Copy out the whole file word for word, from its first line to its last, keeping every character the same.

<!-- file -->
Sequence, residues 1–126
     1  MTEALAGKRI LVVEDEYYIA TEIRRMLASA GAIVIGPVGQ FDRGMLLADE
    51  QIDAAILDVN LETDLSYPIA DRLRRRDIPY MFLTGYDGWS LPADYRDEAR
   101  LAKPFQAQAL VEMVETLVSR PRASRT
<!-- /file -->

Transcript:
Sequence, residues 1–126
     1  MTEALAGKRI LVVEDEYYIA TEIRRMLASA GAIVIGPVGQ FDRGMLLADE
    51  QIDAAILDVN LETDLSYPIA DRLRRRDIPY MFLTGYDGWS LPADYRDEAR
   101  LAKPFQAQAL VEMVETLVSR PRASRT